LA-based entrepreneur Brian Lee, who previously co-founded and operated The Honest Company, ShoeDazzle.com, and LegalZoom, has launched a new sports card collecting platform. Hall of Famer Derek Jeter.
Backed by $9 million in funding from Lightspeed Venture Partners, Defy.vc, and BAM Ventures (also co-founded by Lee), a somewhat unique to help collectors sell, store and verify sports trading cards Taking a digitally-enabled approach, this outfit launched today. .
First, it’s not (shockingly) NFT play, but we can see a future where digital trading cards are on the table, so to speak. Instead, the pair will create an online showroom where users on the platform can buy, sell, trade, and view cards while physical cards are locked in a “state-of-the-art” vault. We aim to bridge the physical and digital worlds of sports collecting. It is managed by a company called arena club.
Once verified by the Arena Club, if the collector wants to keep the card, the startup will return the card in a protective “slab”. This brings us to another side of the business. According to the company, it will provide users with a faster and more transparent certification and grading process through computer vision and machine learning. (They also brought in his AI luminaries as advisors. JiaLi is an AI Fellow at Stanford University and was previously his R&D Head at Google Cloud, Head of Research at Snap, and Visual He at Yahoo! Labs. was responsible for the computing of
According to Arena Club, for every card rated on the platform, a transparent rating report will be made available to collectors detailing the justification for the rating.
Read our Sports Collectors Daily article on how the Arena Club makes money. Note There are some cards in the new outfit (sorry). There is a $25 fee to rate, store, list and sell cards on the site, and a $35 fee to rate and return cards. Additionally, Arena Club plans to charge the seller his 5% commission based on the cash value of each transaction.
Lee and Jeter are chasing a large and growing market that has run amok during the pandemic, when people are confined to their homes and trying to spend some of the money accumulated in their bank accounts. As underlined, Topps, the most iconic card maker, was acquired by licensed sports apparel and merchandise giant Fanatics for $500 million in January. (Topps actually planned to go public last year through a blank check company, but the deal fell apart Shortly after the Tops lost their 70-year MLB trading card deal to Fanatics.)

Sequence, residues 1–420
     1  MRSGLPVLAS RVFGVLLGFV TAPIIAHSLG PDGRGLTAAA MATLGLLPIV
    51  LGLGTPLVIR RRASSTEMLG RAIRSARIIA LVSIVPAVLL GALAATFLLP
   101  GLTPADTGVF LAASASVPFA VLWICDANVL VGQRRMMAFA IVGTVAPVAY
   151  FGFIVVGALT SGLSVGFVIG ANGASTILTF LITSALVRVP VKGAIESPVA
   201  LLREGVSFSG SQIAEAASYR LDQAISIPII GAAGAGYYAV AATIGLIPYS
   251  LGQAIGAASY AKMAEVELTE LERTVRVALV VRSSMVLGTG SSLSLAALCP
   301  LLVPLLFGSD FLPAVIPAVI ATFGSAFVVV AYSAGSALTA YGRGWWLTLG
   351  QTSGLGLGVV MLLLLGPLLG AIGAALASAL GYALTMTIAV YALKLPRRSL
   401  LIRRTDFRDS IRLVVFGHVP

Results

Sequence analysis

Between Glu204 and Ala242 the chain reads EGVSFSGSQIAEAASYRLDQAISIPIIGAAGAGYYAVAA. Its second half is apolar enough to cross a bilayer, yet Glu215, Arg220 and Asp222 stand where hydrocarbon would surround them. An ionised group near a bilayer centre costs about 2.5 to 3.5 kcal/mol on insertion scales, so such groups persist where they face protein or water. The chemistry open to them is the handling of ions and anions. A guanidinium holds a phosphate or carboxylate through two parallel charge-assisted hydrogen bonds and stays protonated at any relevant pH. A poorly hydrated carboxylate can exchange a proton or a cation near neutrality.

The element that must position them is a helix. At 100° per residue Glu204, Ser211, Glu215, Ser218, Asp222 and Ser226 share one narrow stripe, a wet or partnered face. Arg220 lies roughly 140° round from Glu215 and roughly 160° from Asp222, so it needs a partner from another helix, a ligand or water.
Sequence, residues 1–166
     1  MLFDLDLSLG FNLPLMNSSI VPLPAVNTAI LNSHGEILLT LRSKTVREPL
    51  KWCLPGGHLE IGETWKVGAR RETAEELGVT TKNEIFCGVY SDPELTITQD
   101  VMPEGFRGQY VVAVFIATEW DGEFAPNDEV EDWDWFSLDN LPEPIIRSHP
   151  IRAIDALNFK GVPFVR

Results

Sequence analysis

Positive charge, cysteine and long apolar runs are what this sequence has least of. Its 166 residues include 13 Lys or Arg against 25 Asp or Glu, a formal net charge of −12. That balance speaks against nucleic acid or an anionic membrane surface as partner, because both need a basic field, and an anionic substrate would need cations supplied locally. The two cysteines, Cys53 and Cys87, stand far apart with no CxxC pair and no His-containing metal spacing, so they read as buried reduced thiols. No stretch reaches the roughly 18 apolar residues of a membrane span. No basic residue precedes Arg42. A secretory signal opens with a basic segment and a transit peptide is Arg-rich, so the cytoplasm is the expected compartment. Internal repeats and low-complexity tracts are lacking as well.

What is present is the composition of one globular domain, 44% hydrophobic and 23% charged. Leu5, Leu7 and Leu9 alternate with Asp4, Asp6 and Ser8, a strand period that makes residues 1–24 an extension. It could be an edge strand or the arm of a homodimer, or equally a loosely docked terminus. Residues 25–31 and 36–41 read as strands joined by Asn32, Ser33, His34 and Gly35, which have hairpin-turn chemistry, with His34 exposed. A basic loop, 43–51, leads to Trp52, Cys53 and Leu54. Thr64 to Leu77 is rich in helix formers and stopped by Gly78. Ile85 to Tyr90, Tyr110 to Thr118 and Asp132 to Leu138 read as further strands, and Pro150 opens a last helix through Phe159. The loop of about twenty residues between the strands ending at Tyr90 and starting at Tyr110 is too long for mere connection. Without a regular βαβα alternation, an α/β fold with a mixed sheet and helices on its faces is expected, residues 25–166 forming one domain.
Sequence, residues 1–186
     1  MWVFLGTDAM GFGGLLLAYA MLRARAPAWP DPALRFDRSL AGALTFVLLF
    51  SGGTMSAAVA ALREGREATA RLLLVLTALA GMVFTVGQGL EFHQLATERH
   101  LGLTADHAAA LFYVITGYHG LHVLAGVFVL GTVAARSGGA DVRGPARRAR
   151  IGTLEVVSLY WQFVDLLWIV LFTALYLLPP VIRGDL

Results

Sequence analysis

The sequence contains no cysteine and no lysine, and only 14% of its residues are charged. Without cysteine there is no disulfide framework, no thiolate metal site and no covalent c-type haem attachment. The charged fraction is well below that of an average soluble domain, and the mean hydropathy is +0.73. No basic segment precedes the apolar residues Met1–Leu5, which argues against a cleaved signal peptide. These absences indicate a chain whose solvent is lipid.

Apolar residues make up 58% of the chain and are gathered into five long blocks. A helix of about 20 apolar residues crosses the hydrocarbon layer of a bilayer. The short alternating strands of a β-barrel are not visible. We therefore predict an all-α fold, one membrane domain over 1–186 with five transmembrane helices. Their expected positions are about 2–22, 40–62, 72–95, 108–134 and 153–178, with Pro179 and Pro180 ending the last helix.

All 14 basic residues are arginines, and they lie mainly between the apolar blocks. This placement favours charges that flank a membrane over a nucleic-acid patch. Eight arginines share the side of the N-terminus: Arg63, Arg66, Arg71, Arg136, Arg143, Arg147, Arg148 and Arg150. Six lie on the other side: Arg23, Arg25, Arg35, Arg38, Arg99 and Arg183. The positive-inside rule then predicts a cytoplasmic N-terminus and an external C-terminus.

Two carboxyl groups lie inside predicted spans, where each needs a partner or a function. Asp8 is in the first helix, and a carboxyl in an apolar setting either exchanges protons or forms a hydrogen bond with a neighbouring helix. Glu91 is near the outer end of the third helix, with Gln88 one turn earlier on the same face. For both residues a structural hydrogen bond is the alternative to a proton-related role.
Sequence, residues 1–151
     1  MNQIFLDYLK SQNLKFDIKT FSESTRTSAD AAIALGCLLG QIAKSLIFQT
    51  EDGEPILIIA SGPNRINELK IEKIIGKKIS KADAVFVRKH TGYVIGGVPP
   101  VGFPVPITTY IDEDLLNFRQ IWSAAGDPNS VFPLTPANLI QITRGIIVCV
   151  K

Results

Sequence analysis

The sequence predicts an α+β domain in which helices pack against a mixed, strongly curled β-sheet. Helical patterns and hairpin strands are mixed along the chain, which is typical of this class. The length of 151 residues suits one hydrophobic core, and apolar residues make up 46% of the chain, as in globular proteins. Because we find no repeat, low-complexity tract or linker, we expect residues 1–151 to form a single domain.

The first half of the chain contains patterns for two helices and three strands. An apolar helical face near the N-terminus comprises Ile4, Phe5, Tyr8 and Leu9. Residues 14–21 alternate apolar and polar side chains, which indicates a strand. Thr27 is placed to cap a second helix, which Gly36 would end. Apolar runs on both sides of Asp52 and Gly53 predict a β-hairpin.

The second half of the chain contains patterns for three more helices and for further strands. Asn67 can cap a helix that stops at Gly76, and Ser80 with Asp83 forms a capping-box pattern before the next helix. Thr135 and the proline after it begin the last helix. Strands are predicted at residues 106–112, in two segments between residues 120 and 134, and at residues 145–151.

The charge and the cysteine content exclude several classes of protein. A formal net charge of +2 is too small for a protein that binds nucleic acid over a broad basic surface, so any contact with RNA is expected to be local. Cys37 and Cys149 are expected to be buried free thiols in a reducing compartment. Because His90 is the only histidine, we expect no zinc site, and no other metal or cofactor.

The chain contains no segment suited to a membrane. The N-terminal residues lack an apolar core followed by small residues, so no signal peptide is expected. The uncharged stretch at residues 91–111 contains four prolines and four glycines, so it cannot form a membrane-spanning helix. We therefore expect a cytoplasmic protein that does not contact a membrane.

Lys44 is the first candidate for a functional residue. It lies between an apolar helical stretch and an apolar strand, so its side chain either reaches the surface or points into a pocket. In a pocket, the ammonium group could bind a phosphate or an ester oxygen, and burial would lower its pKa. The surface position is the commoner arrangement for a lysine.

The growing excitement around sports cards can be traced by looking at Jeter’s own cards, which are making more and more money. In 2018, Derek’s Jeter rookie card was $99,100 — The highest amount ever paid for a modern baseball card at the time. In 2020, another rookie card of his set another record, $180,000Last year also reportedly broke records when a Derek Jeter rookie card in mint condition sold for an astonishingly high price. $690,000.
With so much sports card trading, the space is crowded and the situation can be challenging for Arena Club, as is the fact that the prices of some cards are dropping. (according to report Last month, The Athletic found that the high-end collections in particular remained strong, while other segments struggled. )
While Lee is well-known among investors and founders, Jeter’s name is growing outside the ballpark. In 2014, the year he quit cleats, he co-founded his The Players Tribune, an athlete-driven website. got By Minute Media in 2019. lead as CEO Until February. Jeter has also made numerous startup investments since retiring from baseball, including investments in video conferencing company Blue His Gene His Networks.
However, I have not yet used either account to promote Arena Club. Technology investors and founders will know he’s crossed the Rubicon when he’s crossed the Rubicon.